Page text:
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7/12/2012
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Healthcare Social Media: Time To Get On Board

Many hospitals and practices still hesitate to jump on board the social media bandwagon. Here's some practical advice to guide your organization through the decision process.




We humans are such social creatures. We band together to protect ourselves from a common enemy, we contribute food and clothing to the needy after a storm, and of course we tailgate to cheer on our favorite NFL team. Given this propensity to congregate, it comes as no surprise to see social media explode in the last several years.

By one estimate, 69% of active Web users--about 152 million people--visit Facebook at least once a month, and 62% of adult Internet users visit social networking sites of all sorts, according to Eliza, a healthcare communications vendor that specializes in patient engagement. Narrowing the figures down to health-related issues, Eliza says almost one out of every four social network users have followed their friends' personal health experiences or updates.

Obviously, social media is no passing fad, and healthcare providers who ignore this cultural phenomenon do so at their own peril, for at least two reasons: It's likely that the hospital or practice down the street is already working on a social media strategy, so you remain at a significant disadvantage if you keep your head in the sand. Equally important, several key federal IT regulations insist on more patient engagement--including the Centers for Medicare and Medicaid Services' Stage 2 Meaningful Use--and social media outlets are one of the best ways to engage patients.

But while some healthcare provider organizations have successfully navigated these waters, there are all sorts of undercurrents to watch out for.

Ernie Hood, senior director, research and insights for the Advisory Board Company, says that "usage issues" are more of a concern than direct technical problems. In a recent interview with InformationWeek Healthcare, Hood said potential stumbling blocks include understaffing of the social media effort; clumsy use, namely using the wrong social media tools; and not managing your message so that it's consistent across the organization.

Hood also had some good advice for CIOs: "We advise that they not try to lead the social media efforts but that they get in front by using it themselves and by encouraging others to leverage social media."

To help you through the decision-making process, our slideshow profiles how a major health system and a physician-practice are using social media. It also sums up advice from a HIMSS expert, a legal authority, and a nurse informatics specialist on the subject. And finally, we'll explore how two of the biggest social media networks designed for physicians are faring.




The MayoClinic has been in the forefront of social media ever since it began podcasting in 2005. It launched a Facebook page in 2007 and it has been on Twitter since 2008, the same year it began blogging.

It began using social media for media relations, according to Lee Asae, director of the Mayo Clinic Center for Social Media. "Social media has opened up communication and made communication flatter because people are able to communicate directly and to ask questions," Aase told InformationWeek Healthcare. "We are also able to share information on the Web that doesn't have to be on the Today Show or in the New York Times. It enables us to have much more in-depth information sharing and conversations with patients who may have an unusual condition that the mainstream media aren't going to cover, at least in any depth," Aase said. He added that through podcasts and YouTube videos, MayoClinic is able to make its expert researchers, scientists, and physicians available directly to people spread out around the country.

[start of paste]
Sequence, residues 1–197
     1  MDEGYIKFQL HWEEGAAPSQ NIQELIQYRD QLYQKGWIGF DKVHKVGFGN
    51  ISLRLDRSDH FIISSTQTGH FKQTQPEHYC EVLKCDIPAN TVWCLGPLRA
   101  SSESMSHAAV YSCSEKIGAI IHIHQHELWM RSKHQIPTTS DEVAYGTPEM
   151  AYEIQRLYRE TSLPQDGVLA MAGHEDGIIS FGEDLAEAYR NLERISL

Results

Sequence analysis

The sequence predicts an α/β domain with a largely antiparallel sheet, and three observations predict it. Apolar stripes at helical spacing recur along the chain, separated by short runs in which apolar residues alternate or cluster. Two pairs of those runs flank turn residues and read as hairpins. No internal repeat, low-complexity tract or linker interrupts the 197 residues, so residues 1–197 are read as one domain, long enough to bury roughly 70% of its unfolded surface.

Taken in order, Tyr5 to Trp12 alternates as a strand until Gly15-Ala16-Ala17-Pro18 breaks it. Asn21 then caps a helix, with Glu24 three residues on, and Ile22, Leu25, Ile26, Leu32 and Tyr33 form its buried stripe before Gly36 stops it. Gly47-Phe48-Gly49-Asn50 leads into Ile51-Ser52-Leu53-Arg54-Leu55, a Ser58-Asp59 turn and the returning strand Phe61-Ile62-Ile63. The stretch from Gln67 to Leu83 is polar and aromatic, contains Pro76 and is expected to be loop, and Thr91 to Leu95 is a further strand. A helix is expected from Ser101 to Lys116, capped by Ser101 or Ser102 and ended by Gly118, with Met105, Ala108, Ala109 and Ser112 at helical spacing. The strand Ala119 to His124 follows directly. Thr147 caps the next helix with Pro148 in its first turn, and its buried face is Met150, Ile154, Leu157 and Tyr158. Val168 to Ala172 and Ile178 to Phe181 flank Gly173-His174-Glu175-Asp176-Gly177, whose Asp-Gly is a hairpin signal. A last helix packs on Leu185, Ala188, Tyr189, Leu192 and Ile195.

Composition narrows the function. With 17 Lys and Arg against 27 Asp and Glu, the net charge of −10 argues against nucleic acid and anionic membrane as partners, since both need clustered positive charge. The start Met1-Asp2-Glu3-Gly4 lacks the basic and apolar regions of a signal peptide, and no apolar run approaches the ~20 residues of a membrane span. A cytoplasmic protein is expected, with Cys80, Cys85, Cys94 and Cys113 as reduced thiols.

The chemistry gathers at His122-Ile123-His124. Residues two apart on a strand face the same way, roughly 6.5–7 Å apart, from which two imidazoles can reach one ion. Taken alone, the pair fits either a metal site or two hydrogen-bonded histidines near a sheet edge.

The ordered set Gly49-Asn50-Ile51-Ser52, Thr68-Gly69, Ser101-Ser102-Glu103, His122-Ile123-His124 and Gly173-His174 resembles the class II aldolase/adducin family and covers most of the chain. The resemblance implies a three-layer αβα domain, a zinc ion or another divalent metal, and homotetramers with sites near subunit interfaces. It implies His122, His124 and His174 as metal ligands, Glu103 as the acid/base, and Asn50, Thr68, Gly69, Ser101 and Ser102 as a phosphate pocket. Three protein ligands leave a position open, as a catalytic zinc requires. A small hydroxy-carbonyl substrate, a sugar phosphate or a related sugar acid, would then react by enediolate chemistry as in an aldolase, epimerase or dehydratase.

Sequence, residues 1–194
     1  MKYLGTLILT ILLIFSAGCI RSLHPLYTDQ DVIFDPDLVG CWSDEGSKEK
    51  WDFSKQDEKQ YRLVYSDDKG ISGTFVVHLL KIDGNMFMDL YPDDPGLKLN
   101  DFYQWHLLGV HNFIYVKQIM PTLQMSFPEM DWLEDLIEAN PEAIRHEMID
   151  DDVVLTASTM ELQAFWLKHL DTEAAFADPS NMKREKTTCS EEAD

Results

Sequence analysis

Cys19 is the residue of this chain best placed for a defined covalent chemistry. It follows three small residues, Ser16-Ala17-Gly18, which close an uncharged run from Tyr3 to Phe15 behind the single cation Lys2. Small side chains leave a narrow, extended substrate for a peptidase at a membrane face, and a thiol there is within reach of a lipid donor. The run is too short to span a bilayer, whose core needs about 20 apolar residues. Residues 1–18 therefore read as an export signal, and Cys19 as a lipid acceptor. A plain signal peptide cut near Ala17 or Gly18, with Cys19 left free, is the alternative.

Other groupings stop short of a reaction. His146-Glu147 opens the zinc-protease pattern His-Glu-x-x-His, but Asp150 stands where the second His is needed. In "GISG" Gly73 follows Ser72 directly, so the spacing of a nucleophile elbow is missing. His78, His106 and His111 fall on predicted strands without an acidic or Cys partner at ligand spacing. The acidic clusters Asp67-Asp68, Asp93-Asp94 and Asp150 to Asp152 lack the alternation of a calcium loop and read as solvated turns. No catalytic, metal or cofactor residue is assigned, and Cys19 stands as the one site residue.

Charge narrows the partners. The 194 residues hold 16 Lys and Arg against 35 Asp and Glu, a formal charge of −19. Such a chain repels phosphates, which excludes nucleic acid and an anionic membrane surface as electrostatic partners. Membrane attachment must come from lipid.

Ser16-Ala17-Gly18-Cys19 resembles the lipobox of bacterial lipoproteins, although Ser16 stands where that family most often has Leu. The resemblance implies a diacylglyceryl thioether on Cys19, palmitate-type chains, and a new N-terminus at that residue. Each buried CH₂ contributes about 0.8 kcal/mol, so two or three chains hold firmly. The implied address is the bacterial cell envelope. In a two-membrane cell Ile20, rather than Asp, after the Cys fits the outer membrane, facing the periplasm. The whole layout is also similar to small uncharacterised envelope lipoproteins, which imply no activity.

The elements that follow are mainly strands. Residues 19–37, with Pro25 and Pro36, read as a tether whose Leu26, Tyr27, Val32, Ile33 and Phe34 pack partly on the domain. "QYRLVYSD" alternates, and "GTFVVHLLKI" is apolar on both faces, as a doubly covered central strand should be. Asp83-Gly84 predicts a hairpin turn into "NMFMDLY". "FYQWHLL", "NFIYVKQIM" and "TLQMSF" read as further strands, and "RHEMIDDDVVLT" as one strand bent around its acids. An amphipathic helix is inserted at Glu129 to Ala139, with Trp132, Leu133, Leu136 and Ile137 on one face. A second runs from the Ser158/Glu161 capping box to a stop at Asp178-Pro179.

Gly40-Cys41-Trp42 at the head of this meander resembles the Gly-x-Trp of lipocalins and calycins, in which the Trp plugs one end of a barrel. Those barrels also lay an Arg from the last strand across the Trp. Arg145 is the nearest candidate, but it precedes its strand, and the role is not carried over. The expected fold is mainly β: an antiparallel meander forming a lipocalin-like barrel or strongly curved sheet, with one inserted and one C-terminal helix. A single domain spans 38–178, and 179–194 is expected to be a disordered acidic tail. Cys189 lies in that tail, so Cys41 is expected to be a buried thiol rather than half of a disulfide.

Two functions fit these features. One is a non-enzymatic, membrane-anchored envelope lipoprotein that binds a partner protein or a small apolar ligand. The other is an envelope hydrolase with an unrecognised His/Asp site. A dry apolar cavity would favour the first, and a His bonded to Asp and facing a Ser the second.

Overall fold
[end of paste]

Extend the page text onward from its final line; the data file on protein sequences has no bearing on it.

The MayoCinic recently finished its fourth installment of what it calls its social media residency, a day-and-a-half course that it provides for people working in healthcare. "It's a mix of internal MayoClinic people and external attendees. [During our last residency] we had 67 participants, a few doctors, some nurses, and people in various rolls throughout the organization," said Aase. He added that it's now becoming a basic requirement for hospitals to be involved in social media.

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Dr. Howard Luks's philosophy is pretty straightforward. "I firmly believe that physicians have a moral obligation to educate their patients." With that mantra in mind, Luks, chief of sports medicine at the N.Y. Medical College and Westchester Medical Center, has established a firm digital footprint. But he makes a distinction between a digital presence and a social media presence.

"You can root your digital presence in social media, but it doesn't have to be and the two aren't mutually exclusive," Luks told InformationWeek Healthcare." Luks created a website and became a very active user of Twitter in 2008 to interact with other physicians and urge them to share their experiences. He also has a Facebook page and is currently exploring Read List, a new platform where you can curate content in the form of a book. "For example, I can make a book about the knee or meniscus tears and I can include my own content as well as published articles or content from a government site or the MayoClinic and send a patient a link to that read list."

Luks said that a significant percentage of his patients are in his office because of his online presence. "Having a digital presence that's rooted in social media enables me to humanize myself and humanize my organization. To ignore your online presence or digital presence or practice website is to potentially ignore your own relevance as a practitioner over the next five to 10 years."

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By the end of 2011, one billion consumers were online using social media. But only 21% of hospitals were using social media in the United States, according to Brad Tritle, chair of social media work group, which is part of the HIMSS personal health IT task force. "Hospitals like to communicate but they weren't going where the people were, similar with physicians," Tritle told InformationWeek Healthcare. He said that most hospitals start using social media from a marketing standpoint. "But we're finding that those [hospitals] that are more effective and are attracting more people are doing more patient education, community education, and from that using customer relationship management (CRM) tools." He said that some hospitals are seeing a return on investment (ROI) for doing that kind of engagement.